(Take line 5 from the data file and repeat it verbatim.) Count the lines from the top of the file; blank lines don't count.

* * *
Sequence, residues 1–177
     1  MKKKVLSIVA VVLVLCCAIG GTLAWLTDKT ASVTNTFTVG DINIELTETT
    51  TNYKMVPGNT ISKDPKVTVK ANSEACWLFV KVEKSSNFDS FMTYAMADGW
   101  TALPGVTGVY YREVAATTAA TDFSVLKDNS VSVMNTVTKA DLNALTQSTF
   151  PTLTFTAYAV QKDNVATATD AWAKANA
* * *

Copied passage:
   151  PTLTFTAYAV QKDNVATATD AWAKANA